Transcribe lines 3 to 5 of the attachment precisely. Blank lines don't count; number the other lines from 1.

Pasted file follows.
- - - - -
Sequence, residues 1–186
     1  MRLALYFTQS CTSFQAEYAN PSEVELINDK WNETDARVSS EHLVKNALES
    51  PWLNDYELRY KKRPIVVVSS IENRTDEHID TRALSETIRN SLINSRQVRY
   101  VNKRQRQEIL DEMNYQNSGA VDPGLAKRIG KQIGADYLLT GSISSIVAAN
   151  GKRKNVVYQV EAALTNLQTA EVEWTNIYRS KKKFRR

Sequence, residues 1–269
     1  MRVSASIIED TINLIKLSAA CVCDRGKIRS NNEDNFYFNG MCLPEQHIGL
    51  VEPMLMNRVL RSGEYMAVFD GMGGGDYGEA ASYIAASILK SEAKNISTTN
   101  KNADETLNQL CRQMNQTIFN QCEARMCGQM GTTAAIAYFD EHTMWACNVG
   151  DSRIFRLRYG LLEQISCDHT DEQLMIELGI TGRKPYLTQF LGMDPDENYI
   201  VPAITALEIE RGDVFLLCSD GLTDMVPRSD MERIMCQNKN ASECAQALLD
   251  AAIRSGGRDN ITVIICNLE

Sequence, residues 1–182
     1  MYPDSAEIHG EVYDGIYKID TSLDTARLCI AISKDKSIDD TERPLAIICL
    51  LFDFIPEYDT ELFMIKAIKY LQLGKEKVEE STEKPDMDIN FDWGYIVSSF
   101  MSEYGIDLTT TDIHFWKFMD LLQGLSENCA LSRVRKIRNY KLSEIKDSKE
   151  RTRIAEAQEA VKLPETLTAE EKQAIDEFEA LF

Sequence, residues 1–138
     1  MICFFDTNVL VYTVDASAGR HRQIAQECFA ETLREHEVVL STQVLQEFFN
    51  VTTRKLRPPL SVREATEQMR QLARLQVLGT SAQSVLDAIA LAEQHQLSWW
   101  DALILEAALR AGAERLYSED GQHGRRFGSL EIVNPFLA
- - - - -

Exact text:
    51  PWLNDYELRY KKRPIVVVSS IENRTDEHID TRALSETIRN SLINSRQVRY
   101  VNKRQRQEIL DEMNYQNSGA VDPGLAKRIG KQIGADYLLT GSISSIVAAN
   151  GKRKNVVYQV EAALTNLQTA EVEWTNIYRS KKKFRR